On Thursday morning, netizens expressed their deepest sympathy as a photo of a dead whale found lying on the shores of Naic, Cavite spreads across social media. The haunting image of the whale’s death, as captioned by the user who uploaded the photo, was a “wake-up call to end plastic pollution”.
The “dead whale” is a sculpture entirely made out of 65-kilograms worth of plastic wastes recovered from the coast. Non-government environmental organization Greenpeace Philippines installed the 50-feet statue of a dead whale in an effort to raise awareness on the effect of plastic pollution on the ocean. It depicts the serious problem faced by the marine ecosystem not only today but more so in the coming years.
As stated by Greenpeace Philipines in a report, only thirty percent of litter floats on the surface of the water, while the remaining seventy percent sinks down to the bottom of the ocean, harming fishes and marine creatures in the deep.
The source of these viral photos is Vince Cinches, an Oceans Campaigner of Greenpeace Philipines. In an interview regarding the launch of the art installation, Cinches mentioned that the town of Naic has the capacity to handle the 65-kilograms amount of waste from this exhibit, making Naic an ideal place to hold the display. Cinches also commended Cavite’s implementation to plastic refusal, acknowledging the province’s ordinance that bans the single use of plastic.
The organization behind the Dead Whale movement appeals to ASEAN member states to set appropriate measures and firmly address this critical issue. “Philippines is in the best position, as the host country, to really take on proactively for this campaign. Considering that five out of ten ASEAN member countries are biggest contributors to the ocean pollution, Philippines should take the lead,” says Cinches.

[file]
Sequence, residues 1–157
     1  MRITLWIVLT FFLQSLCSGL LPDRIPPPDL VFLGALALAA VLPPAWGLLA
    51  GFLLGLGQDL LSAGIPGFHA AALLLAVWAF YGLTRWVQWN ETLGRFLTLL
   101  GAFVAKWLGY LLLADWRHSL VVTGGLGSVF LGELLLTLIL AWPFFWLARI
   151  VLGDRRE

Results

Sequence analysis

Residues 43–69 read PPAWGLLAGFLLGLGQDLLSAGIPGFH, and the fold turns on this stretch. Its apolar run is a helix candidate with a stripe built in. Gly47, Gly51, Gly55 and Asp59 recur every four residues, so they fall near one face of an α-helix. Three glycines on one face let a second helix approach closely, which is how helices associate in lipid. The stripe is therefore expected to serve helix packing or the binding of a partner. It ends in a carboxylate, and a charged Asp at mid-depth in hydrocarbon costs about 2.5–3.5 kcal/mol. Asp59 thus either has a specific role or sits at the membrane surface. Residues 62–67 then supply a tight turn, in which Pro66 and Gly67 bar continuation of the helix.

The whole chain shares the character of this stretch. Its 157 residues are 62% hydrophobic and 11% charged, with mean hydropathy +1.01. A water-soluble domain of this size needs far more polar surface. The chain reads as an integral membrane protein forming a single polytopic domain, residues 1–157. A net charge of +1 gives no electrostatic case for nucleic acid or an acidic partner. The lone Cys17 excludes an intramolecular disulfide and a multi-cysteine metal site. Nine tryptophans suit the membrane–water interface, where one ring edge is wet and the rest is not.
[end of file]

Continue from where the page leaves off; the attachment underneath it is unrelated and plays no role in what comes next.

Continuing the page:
Based on a research published in Science journal on 2015, it was estimated that 275 million metric tons of plastic wastes were generated by 192 coastal countries in 2010, of which 4.8 to 12.7 million metric tons intoxicated the ocean. In the same study, Philippines was reported to be the third largest contributor to ocean plastic, coming after China and Indonesia in the ranking.
In simple ways, everyone can actively help and take part in this movement by considering the following:
- Individual consumers can bring their own reusable bags when going to the market or grocery, bring their own mugs when going to cafes, use reusable drinking straws instead of the plastic and avoid buying in plastic sachets;
- Business owners and manufacturers can share the responsibility in minimizing production of plastic by implementing a buyback option;
- The local government can strengthen the implementation of solid waste management laws.
The time to act is now. If you believe in the importance of responsible waste management for ocean protection among ASEAN countries, help Greenpeace Philippines in their advocacy by signing their petition here.
The sculpture is displayed in Sea Side Beach Resort, Naic, Cavite until Sunday, May 14, 2017. Visit the “dead whale” and grab the opportunity to educate the next generation on the negative effects of plastic pollution.